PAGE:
So when she sits down and goes through her books, she comes across an old battered copy of Cinderella. When she accidentally drops it, the pages fall apart. As she gets up and climbs down the stairs, she trips and becomes unconscious. When she gets up, she finds herself in strange, but familiar surroundings. She can’t quite point out what is familiar, till a levitating, ghost-like goblin Krev appears and informs her that the Cinderella copy was actually created by his goblin king, and as a punishment for the book falling apart, the king has cursed her to inhabit the Cinderella tale as one of the stepsisters. Her only chance of escaping the Story World is finishing the story, by finding Cinderella, and getting her married to the Prince with the wedding bells ringing in the background. But how? Where is the fairy godmother to transform a pumpkin into a coach and mice into coachmen? How is she going to stop her insufferable but gorgeous Story sister from courting the Prince? And most importantly, how is she going to make the Prince and Cinderella fall in love with each other?

The best thing about connecting with bloggers is having book recommendations fill your reader or twitter timeline. I saw this book mentioned quite a few times but the review that really got me interested was the one in Cheryl’s blog here. I had vaguely heard about fairy retellings but to be honest I seriously had no idea it was a genre by itself. I am quite glad I picked up this book as my first fairy retelling read. It was fun, quite creative, and magical without relying too much on literal magic. Kat had this feisty, stubborn streak which I think everyone do have to some extent. Just that it stays latent until you are pushed to a corner and then have no option but to be gutsy and not think of consequences. And that is what happens with Kat. If she wants to see her real mom and sister again, she has to adapt to the world she has accidentally entered into.

Nothing goes right for Kat in the Story World. As the Story progresses, she finds it hard to make things happen as she remembers from the book she has read. She slowly starts noticing the “not so fairytale-like” aspects of the world, such as kids as young as five years old working 14 hour shifts in factories and girls expected to attract wealthy men in soirees and parties before they turn twenty-one. For a book-within-a-book that is supposed to be a well-known magical fairytale, there is actually very little “magic” as such. (And well, Cinderella wasn’t really about sorcerers waving wands throughout the tale, so…). The tale is more reminiscent of historical fiction – a world where there are estates owned by Earls, and Princes throwing ballroom parties to announce their brides. I enjoyed reading about and grew fond of everyone, even if half of them are your generic clichés such as rich, spoilt girls who are look like born supermodels, handsome wealthy aristocrats, callous employers and good-hearted poor maids. In a weird way, it kind of just fit, and didn’t seem like something negative. Maybe it is because it is supposed to be a Story World of a very well-known children’s tale.  And plus, I liked that the author sort of even acknowledged that she is using well-known tropes through quotes like this:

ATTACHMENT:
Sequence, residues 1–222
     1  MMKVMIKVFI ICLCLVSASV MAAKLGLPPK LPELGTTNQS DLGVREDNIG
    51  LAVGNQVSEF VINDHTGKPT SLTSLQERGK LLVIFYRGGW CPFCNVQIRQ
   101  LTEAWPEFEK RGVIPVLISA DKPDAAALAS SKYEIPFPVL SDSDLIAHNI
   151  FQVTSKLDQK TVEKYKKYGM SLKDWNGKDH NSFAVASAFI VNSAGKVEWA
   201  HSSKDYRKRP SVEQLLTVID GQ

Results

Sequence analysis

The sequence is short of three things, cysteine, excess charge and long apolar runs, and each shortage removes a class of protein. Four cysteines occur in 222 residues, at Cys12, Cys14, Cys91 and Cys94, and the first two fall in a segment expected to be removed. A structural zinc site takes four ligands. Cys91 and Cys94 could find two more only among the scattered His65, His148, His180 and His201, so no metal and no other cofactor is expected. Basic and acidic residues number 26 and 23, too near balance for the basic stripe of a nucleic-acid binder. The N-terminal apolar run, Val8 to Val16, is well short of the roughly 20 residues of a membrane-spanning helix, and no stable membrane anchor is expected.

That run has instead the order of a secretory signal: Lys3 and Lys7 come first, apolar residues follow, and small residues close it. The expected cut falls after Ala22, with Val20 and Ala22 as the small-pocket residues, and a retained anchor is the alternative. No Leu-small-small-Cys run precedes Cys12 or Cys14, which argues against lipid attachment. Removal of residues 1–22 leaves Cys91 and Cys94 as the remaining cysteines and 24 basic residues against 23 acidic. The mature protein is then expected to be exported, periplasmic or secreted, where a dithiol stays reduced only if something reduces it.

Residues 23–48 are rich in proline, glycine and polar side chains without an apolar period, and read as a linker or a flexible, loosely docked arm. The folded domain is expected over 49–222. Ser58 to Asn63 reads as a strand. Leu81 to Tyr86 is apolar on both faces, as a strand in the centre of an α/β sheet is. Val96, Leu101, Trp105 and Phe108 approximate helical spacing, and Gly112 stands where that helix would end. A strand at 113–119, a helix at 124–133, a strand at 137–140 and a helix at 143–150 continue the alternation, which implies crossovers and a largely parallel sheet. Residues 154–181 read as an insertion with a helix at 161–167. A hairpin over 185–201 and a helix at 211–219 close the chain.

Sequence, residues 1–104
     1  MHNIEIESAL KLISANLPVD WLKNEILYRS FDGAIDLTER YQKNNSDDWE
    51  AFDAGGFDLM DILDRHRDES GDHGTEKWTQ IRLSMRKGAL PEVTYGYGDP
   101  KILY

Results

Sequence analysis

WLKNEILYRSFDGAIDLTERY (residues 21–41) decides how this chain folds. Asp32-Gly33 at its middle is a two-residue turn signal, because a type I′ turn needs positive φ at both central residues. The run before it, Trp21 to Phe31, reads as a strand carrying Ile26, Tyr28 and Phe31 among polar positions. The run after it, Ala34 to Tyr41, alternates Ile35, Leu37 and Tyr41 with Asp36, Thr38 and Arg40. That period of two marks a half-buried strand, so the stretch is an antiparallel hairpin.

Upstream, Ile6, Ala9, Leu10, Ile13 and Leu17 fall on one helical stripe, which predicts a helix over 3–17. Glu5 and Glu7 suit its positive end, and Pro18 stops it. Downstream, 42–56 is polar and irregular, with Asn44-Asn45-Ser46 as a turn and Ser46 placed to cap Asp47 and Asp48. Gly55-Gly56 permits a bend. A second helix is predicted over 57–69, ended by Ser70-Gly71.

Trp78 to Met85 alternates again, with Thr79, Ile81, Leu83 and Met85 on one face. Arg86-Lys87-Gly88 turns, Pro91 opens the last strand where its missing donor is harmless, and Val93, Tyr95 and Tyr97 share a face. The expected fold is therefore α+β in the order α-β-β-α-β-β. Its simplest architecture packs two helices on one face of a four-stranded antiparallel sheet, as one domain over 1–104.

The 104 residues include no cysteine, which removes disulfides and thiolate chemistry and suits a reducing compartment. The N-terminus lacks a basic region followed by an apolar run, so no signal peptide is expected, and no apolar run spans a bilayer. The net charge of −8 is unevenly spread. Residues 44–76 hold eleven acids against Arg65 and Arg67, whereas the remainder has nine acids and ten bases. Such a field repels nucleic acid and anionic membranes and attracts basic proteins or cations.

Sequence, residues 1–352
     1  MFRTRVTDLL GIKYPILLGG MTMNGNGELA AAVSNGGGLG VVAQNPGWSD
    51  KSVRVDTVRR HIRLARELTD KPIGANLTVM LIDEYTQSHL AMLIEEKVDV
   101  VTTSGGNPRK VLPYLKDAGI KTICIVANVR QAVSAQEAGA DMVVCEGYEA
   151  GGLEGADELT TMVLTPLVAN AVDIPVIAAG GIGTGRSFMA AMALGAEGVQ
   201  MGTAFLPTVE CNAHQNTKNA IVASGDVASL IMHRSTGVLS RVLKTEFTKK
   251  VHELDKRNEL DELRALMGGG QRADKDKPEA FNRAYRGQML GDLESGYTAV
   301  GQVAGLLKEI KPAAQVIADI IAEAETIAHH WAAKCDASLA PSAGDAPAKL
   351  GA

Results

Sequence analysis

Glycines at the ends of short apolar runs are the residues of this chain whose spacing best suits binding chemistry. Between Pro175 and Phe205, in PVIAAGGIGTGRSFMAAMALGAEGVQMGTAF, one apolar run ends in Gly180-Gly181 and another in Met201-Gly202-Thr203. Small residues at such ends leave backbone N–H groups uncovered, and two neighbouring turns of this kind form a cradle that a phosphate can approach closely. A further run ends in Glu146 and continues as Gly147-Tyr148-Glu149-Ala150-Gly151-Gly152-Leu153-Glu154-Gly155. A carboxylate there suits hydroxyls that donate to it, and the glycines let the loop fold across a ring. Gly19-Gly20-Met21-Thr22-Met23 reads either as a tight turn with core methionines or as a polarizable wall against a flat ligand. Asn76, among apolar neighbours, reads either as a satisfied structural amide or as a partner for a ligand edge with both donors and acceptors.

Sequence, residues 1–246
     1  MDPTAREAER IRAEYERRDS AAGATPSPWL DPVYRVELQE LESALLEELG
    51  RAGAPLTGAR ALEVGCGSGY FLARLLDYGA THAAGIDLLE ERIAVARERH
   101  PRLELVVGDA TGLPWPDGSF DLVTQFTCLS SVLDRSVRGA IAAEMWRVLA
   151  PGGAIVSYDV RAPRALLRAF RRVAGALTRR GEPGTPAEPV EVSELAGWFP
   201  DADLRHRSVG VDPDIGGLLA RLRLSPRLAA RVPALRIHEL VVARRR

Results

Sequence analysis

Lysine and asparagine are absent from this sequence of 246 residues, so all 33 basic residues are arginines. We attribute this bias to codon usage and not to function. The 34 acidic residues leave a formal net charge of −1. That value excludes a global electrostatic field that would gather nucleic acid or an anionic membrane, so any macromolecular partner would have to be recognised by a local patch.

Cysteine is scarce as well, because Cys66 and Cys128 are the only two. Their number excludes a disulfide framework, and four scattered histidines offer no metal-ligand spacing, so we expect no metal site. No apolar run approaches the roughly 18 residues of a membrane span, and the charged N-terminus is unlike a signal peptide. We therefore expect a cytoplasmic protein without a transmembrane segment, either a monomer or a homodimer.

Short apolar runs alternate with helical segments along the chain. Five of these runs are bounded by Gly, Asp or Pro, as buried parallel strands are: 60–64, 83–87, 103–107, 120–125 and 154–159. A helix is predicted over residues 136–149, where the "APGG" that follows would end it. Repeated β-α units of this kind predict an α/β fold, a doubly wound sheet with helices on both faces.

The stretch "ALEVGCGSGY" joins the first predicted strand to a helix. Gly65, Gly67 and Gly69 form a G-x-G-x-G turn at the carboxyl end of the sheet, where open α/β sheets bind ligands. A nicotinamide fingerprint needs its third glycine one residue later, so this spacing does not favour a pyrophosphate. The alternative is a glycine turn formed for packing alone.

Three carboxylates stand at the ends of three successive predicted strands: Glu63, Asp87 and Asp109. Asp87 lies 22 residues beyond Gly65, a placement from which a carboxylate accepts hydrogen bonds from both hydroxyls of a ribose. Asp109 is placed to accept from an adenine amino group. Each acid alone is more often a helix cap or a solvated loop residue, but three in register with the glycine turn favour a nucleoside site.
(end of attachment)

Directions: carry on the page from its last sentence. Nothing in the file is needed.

“Honestly, we’ve met coincidentally so many times that it feels like I’m in a badly written novel. Oh, wait, I actually am”

There are more such quotes sprinkled throughout the book which made even some done-to-death scenarios interesting to read. And all the book and movie references that Kat makes in her head (probably to keep herself from going insane), Harry Potter, LoTR, Narnia, Inception .. did make me smile. Harry Potter was a bit overdone though. The book has everything in phases, a lot of carefree moments, tinge of sadness, couples falling in love, couples with unfinished love stories, divide between rich and poor, some good men and women, and some others who are never going to change.  I also liked how “living through” the story made Kat more self-assured and confident about certain things.

There were a few things that I felt could have been presented better. I just thought that the magic bit was too conveniently and suddenly introduced to make things fall in place for Kat in the end. It would have been easier to “believe” it if the magic was actually established and dwelled upon with more details. I guess what I mean to say is, that bit was never really fleshed out well. In fact, the main reason for Kat “falling into” this world itself was sort of flimsy – dropping an old book. Another thing that I found hard to fathom is when Kat, owing to certain circumstances, has to reveal her secret to some people as the Story progresses. And the characters easily believe that they are not “real” but a part of a book. A more normal reaction would have been to think Kat is off her rocker. And it is funny how you view something differently if you are in someone else’s shoes. I mean, for the Story world people, their world is the “real” one and Kat feels otherworldly.

I hope this long review didn’t end up being too spoiler-y. If you want to try a fairy retelling, this is a really good book to start with. It is light-hearted without being frivolous and has a sprightly protagonist to root for.

Buy links:

The Ugly Stepsister – Kindle
The Ugly Stepsister – Paperback